UVA's Defense of Michael Mann: Back Off, He's a Scientist!
Alternately, the university begs the question: where do standards applied to the rest of us end and a "strait jacket" begin? Or, where does protection of intellectual discourse -- not actually at issue here, despite UVA hand-waving to the contrary -- end and selective immunity from the laws of the land begin? These are now questions for the Virginia courts.
Sweezy is an Eisenhower-era opinion, written shortly before Ike's farewell address. The address is famous for warning of a "military-industrial complex," but also for warning:
Be alert to the equal and opposite danger ["opposite" of stifling academic freedom] that public policy could itself become the captive of a scientific-technological elite.
Sadly, this has come to pass, with the University of Virginia among its most zealous defenders.
UVA's invocation of the wholly inapplicable Sweezy illustrates the barrenness of its legal cupboard, and no distraction will change that the precedent it cites is wholly irrelevant to Mr. Cuccinelli's inquiry into possible civil fraud. The university expends great effort to make the issue other than what it plainly is.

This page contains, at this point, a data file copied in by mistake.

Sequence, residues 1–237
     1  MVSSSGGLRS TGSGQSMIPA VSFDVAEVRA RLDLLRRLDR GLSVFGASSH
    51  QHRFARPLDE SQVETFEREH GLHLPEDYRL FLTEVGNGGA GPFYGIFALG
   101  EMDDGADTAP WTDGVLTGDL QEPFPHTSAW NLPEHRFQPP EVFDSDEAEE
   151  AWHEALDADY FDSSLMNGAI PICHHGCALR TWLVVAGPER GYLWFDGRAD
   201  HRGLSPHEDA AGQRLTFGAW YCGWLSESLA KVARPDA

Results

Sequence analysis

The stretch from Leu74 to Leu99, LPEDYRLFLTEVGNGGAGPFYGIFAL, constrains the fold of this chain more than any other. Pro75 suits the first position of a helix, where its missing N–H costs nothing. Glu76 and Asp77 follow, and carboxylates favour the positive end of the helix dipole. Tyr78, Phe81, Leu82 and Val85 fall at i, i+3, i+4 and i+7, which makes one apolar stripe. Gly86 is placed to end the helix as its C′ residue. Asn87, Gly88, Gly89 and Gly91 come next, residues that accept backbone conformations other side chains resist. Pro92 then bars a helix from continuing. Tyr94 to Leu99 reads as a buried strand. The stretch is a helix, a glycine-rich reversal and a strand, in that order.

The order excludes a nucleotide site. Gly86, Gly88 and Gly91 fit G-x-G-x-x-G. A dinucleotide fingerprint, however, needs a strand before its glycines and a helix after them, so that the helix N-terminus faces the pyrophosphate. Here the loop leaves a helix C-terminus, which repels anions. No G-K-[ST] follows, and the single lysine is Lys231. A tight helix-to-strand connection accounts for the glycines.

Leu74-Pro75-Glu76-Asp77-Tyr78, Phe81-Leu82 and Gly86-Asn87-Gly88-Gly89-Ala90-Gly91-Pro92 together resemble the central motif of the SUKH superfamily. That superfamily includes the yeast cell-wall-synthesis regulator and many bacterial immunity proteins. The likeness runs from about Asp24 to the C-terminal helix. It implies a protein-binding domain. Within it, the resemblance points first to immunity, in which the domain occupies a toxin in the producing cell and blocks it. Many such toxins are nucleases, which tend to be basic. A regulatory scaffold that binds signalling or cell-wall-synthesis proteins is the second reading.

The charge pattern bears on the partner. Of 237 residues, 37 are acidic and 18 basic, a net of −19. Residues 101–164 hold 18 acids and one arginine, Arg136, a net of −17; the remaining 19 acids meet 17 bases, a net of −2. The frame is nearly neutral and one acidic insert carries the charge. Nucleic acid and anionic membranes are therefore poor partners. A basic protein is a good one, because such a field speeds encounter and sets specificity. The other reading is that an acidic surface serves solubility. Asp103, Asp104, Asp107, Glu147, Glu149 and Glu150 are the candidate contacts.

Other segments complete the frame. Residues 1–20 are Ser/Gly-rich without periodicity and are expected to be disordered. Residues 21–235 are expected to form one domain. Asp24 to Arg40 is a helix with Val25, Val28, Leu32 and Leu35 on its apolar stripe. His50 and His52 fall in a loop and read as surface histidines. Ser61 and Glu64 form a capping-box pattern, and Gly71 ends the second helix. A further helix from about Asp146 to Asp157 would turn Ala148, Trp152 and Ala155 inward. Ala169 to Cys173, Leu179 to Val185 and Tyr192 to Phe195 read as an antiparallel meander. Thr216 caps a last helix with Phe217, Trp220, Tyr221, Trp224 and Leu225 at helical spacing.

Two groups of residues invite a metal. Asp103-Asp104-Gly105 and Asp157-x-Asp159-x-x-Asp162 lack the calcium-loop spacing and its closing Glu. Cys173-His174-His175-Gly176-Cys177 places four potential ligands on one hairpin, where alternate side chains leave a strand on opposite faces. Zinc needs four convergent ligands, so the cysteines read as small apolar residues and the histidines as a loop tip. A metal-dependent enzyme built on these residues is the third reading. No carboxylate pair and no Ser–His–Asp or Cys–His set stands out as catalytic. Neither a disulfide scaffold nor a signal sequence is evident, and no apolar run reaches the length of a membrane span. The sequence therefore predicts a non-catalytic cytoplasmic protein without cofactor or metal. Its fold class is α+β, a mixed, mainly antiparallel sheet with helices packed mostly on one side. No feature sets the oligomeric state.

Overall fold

"Academic freedom" has of course never meant selective sanctioning of unlawful behavior. And the attorney general is not, as the university claims to the court, "engag[ing] in scientific debate." That the university cannot or will not see this only further makes the case that it is not capable of self-investigation.
Which raises a final point. In its petition, UVA proves far too much. For example, it references two other inquiries into aspects of ClimateGate. Where, pray tell, was the outrage by Big Science or academia over these two?
The answer is that the pretense of self-policing by the University of East Anglia and by Mann's current home, Penn State, were both exercises in wagon-circling. When they were announced, Big Science remained mum because this was transparently so, as evidenced by their stacking panels with sympathetic parties highly unlikely to conclude otherwise than they did.
About these, UVA rather disingenuously claims "the subsequent investigations have not found any fraudulent conduct." Of course they didn't -- neither inquired into fraud! Instead, both narrowly tailored their reviews to less treacherous waters.
By this mischaracterization to the court, UVA stretches the truth while doing its credibility no good. Which nicely summarizes the entire Mann affair.